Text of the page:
When I ordered my last uke, we were going through a particularly cold snap. My instructor warned me to not open the box until it had been sitting in my house for several hours so the uke could come to room temperature gradually. He said the music store where we do lessons always lets their solid wood instruments stay in their boxes a full day before unpacking if it is cold to avoid cracking.

stevepetergal
03-04-2013, 05:03 AM
Devil's advocate here. (sorry)

The damage you describe, just a crack and separation in the binding, could very well be unrelated to the shipping. This kind of thing can happen to an ukulele as it ages, or even when newer under certain circumstances. There may have been the slightest defect, even invisible, in the glue joining the binding to the body, defect in the binding material, .... If such a problem exists, it's appearance may be accelerated by exposure to atmospheric changes, as will occur during shipping.

In order to prove your claim with Fedex, have the recipient look for a dent, scratch, or other defect in the finish accompanying the seperation that you can prove was not there, with your pre-packaging photos. If there is none, it is entirely possible that Fedex is right.

My guess is, in your case, you scratch your head a little and conclude that this was unavoidable. Fedex may or may not be at fault, and you offer to split the cost of a professional repair with the recipient. You've already shown good faith in having it insured.

Fedex does provide very good service and does cover verifiable claims well. Verifyable being the operative word. When we ship, we must photo-document (as you did) and send the photos to the recipient. When we receive packages, we must always, immediately inspect the package for any damage whatsoever. I have delivery people document even the smallest scuff mark on any box I receive. Once they have a record of damage to the package, you're covered.

stormcarver
03-04-2013, 05:08 AM
This is one reason I don't use FedEx. I do fragile stone sculpture and have had bad luck with them in the past. USPS, however, has never let me down, even with international shipments. Just be sure to get a photo of the item you're shipping prior to packing to show its condition (I also get one while packing and one of the final package, just to be thorough). Be sure to mark the package "fragile" and "do not drop." If anything happens, the receiver submits a form and photo of the item pre-shipping and one of the damage. The USPS took less than 10 days to remit a check for the damaged sculpture - the first in almost 10 years - last year.

I wish you much luck dealing with FedEx, and yes, one would assume that packages wouldn't be submitted to extreme temperatures during shipping. After all, I have never seen a shipped instrument marked with a temp warning - have you?

hawaii 50
03-04-2013, 05:16 AM
This is one reason I don't use FedEx. I do fragile stone sculpture and have had bad luck with them in the past. USPS, however, has never let me down, even with international shipments. Just be sure to get a photo of the item you're shipping prior to packing to show its condition (I also get one while packing and one of the final package, just to be thorough). Be sure to mark the package "fragile" and "do not drop." If anything happens, the receiver submits a form and photo of the item pre-shipping and one of the damage. The USPS took less than 10 days to remit a check for the damaged sculpture - the first in almost 10 years - last year.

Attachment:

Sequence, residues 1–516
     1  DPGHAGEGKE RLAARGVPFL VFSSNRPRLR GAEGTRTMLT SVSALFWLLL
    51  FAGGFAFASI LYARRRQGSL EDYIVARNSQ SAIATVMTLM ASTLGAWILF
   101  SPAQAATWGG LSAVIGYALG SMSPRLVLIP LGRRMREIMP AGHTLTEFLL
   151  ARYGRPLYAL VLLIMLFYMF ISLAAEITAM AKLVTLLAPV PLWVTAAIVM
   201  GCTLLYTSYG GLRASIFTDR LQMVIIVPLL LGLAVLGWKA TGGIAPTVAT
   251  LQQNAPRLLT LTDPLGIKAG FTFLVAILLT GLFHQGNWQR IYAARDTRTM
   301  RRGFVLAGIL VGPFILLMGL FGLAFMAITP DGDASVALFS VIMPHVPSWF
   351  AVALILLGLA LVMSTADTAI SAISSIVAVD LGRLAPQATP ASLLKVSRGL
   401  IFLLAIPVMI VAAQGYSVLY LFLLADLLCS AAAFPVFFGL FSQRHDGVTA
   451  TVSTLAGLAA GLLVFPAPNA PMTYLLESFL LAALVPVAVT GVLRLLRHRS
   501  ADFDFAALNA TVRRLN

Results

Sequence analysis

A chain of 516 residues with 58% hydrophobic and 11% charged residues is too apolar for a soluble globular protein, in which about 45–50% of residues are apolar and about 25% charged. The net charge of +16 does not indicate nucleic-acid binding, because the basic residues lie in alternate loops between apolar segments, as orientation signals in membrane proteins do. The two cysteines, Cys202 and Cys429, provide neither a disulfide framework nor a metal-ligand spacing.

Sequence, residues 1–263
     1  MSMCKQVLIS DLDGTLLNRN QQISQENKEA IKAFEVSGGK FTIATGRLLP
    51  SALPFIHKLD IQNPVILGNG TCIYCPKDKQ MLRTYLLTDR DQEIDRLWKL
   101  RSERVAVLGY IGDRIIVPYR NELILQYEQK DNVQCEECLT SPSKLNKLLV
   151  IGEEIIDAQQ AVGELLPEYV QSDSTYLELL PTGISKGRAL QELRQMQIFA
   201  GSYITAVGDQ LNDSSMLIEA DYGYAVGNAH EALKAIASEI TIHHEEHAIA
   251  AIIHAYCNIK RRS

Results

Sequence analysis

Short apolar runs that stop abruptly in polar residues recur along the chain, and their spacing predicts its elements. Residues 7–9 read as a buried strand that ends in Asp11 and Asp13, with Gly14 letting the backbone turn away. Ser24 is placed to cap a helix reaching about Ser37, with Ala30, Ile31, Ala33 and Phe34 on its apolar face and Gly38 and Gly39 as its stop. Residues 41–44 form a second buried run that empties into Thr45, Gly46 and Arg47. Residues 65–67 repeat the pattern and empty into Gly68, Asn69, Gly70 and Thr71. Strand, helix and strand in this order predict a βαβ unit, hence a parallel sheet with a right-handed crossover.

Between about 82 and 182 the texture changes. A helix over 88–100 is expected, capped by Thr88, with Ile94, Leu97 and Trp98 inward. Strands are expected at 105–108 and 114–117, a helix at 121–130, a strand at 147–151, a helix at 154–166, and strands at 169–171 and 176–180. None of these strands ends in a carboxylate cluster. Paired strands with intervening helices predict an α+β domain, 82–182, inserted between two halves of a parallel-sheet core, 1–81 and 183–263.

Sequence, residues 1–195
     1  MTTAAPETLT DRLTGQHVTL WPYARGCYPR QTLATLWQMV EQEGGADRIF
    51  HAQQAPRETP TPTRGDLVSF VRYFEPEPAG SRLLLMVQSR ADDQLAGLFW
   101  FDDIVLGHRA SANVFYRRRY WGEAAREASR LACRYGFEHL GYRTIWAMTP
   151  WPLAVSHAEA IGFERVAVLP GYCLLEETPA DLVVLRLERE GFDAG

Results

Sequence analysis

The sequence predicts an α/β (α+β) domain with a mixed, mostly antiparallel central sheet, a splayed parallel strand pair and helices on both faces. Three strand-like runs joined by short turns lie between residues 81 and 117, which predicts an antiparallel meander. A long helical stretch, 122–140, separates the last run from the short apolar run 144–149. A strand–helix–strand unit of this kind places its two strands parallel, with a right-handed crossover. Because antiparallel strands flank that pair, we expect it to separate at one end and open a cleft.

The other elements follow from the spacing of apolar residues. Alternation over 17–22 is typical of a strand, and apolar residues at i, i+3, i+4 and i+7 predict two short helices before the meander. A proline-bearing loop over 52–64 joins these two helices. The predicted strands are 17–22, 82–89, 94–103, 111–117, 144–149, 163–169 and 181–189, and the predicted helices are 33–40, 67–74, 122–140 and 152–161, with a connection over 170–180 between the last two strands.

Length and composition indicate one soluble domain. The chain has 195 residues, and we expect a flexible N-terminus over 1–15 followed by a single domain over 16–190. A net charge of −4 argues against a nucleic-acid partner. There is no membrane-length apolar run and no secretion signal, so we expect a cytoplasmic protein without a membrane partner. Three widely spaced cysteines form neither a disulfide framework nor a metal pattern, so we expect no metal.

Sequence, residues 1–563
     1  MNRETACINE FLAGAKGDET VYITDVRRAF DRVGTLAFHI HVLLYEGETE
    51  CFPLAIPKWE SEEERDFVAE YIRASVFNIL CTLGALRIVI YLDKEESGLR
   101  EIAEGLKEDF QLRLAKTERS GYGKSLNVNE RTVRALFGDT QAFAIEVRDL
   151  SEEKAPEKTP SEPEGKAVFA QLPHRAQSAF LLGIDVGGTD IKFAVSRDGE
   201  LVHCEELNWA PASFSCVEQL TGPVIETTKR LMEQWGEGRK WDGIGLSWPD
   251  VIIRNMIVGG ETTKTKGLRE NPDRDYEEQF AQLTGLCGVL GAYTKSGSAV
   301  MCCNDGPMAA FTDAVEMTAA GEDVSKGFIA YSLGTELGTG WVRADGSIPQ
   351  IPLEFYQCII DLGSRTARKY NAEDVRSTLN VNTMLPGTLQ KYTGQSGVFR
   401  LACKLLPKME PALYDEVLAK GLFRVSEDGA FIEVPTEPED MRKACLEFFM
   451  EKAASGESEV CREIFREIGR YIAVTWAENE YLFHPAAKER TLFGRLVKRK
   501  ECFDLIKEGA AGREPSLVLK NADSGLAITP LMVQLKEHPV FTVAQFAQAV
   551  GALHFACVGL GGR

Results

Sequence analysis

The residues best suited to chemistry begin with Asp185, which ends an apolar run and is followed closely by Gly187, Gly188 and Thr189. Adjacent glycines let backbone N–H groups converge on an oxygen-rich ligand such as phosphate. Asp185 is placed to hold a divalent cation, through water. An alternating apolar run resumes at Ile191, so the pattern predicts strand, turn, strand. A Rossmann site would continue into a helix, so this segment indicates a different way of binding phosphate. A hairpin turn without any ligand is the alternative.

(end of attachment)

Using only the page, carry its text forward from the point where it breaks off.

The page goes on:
I wish you much luck dealing with FedEx, and yes, one would assume that packages wouldn't be submitted to extreme temperatures during shipping. After all, I have never seen a shipped instrument marked with a temp warning - have you?



I shipped a bunch of ukes via the post office and used >>protect from heat labels..plus fragile stickers..I have had no problems

HeWhoTalksLoudSayinNothin
03-04-2013, 05:24 AM
Bill, I've had this thought as well, and it may be. No way to know. The damage (at least to me) looks more violent than what I would expect to see for something temperature related. At the end of the day, what FedEx is saying is that if they put your box in a paint mixer and shake it all to hell, any damage that my cause is not covered by insurance so long as the box looks okay.

Just to throw in my 2 cents, I had a package at work shipped by FedEx multiple times from Japan to Europe. It was temperature sensitive content, to be stored at 4 C and not to be frozen. Two times the contents arrived thawing, being frozen somewhere on the way. FedEx could not figure out what happened and assured us, they would store stuff with a constant temperature. Judging from what arrived I do not believe them. Can't really say how this overall turned out because my boss and his secretary handled it, but I would never trust them telling you anything. They just want to get out of this mess cheap.

grendel1972
03-04-2013, 05:27 AM
Devil's advocate here. (sorry)

The damage you describe, just a crack and separation in the binding, could very well be unrelated to the shipping. This kind of thing can happen to an ukulele as it ages, or even when newer under certain circumstances. There may have been the slightest defect, even invisible, in the glue joining the binding to the body, defect in the binding material, .... If such a problem exists, it's appearance may be accelerated by exposure to atmospheric changes, as will occur during shipping.

In order to prove your claim with Fedex, have the recipient look for a dent, scratch, or other defect in the finish accompanying the seperation that you can prove was not there, with your pre-packaging photos. If there is none, it is entirely possible that Fedex is right.

My guess is, in your case, you scratch your head a little and conclude that this was unavoidable. Fedex may or may not be at fault, and you offer to split the cost of a professional repair with the recipient. You've already shown good faith in having it insured.

Fedex does provide very good service and does cover verifiable claims well. Verifyable being the operative word. When we ship, we must photo-document (as you did) and send the photos to the recipient. When we receive packages, we must always, immediately inspect the package for any damage whatsoever. I have delivery people document even the smallest scuff mark on any box I receive. Once they have a record of damage to the package, you're covered.